BY LYNN RINGENBERG
Special to The Tampa Tribune
A national epidemic has come to Florida. It is a silent threat, growing every day. Pollution contaminates our waters, poisons our fish and wildlife and increases our risk of cancer and other diseases.
The culprit is coal ash, and in Florida we generate more than 6 million tons of this toxic waste every year, making our state seventh in the nation for coal ash generation. Even though it’s full of dangerous contaminants, coal ash is even less regulated than our household garbage.
In February, a coal ash pond in North Carolina ruptured, sending 140,000 tons of coal ash into the Dan River along the Virginia border. In 2008, a coal ash pond in Tennessee burst, sending more than 1 billion gallons of coal ash into the Clinch and Emory rivers and damaging 40 nearby homes.
Although the coal ash problem in Florida isn’t as obvious, it is still just as dangerous.
Coal ash is the waste left over when coal is burned for electricity. In 2007, power plants nationwide generated 140 million tons of this waste — enough to fill a line of train cars stretching from the North Pole to the South Pole. Many power plants simply dump their coal ash into unlined and unmonitored pits. There are no federal regulations ensuring safe disposal and handling of this waste, so coal ash can often contaminate nearby lakes, rivers, streams and drinking water aquifers with toxic pollutants. Across the country, coal ash has contaminated water at more than 200 sites.
Florida’s most recent contamination is along the Apalachicola River. On June 5, environmental groups sued Gulf Power Company for illegally discharging coal ash into the river at its Scholz Electric Generating Plant, a violation of the Clean Water Act. Water tests near the coal ash dumps found that arsenic levels coming out of the unlined pits were 300 times higher than federal safety standards. High levels of cadmium, chromium — well-known carcinogens — as well as lead, selenium and mercury were also found. Unfortunately, as coal plant pollution controls become more effective at trapping emissions and decreasing coal plant air pollution, the waste being dumped into coal ash waste streams is becoming more toxic.
Coal ash is a witch’s brew of toxic heavy metals that poses significant health threats. These pollutants can cause cancer, damage organs, impair development in young children, and cause heart and lung disease and a host of other dangerous ailments.
But coal ash threats aren’t limited to water pollution. In a report released this month titled “Ash In Lungs: How Breathing Coal Ash is Hazardous to Your Health,” Physicians for Social Responsibility and Earthjustice outline the danger of breathing coal ash dust. Increased asthma attacks and lung disease often result when the fine particle pollution of coal ash dust enters our bodies through the air we breathe. In numerous ways, coal ash continues to threaten our lives.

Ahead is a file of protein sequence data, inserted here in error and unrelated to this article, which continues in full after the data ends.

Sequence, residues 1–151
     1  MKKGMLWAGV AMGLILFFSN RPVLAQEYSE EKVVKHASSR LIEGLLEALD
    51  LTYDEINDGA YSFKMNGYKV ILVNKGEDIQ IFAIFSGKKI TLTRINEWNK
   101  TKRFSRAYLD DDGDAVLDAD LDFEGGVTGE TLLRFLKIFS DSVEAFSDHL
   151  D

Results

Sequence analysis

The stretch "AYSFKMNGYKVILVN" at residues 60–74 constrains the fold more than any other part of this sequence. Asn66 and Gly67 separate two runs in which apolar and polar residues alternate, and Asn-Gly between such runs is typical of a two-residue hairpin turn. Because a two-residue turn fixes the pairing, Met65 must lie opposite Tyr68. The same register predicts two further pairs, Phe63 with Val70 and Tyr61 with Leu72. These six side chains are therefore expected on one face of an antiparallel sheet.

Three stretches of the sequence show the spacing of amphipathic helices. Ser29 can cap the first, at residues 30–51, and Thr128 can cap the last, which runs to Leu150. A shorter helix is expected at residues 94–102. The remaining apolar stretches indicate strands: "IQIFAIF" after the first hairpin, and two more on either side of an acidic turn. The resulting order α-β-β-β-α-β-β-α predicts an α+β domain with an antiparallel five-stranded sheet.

There is hope. Physicians for Social Responsibility and Earthjustice, along with Appalachian Voices, Chesapeake Climate Action Network and other groups sued the EPA in federal court for its failure to follow the law and propose coal ash regulations in a timely manner. As a result of that lawsuit, the EPA will finalize a federal coal ash regulation by Dec. 19. This will mark the first time the EPA has set such a standard, and we hope it is strong and protective of public health and the environment.
Until that rule is finalized, no federal protections for coal ash currently exist. Industry lobbyists are turning to some members of Congress to thwart the EPA’s authority and pass legislation that will ban the EPA from ever regulating coal ash waste. Delay is victory for the polluters; the longer they can postpone any regulations, the longer Floridians will have to pay the price of more pollution into our air and water. There are simple solutions for this complex problem, but we need to institute them before it’s too late. Florida should not be the site of the next coal ash disaster.
Lynn Ringenberg, M.D., is emeritus professor of pediatrics at the University of South Florida in Tampa and a retired Army colonel. She is co-founder of Physicians for Social Responsibility Florida and president-elect of the national Physicians for Social Responsibility.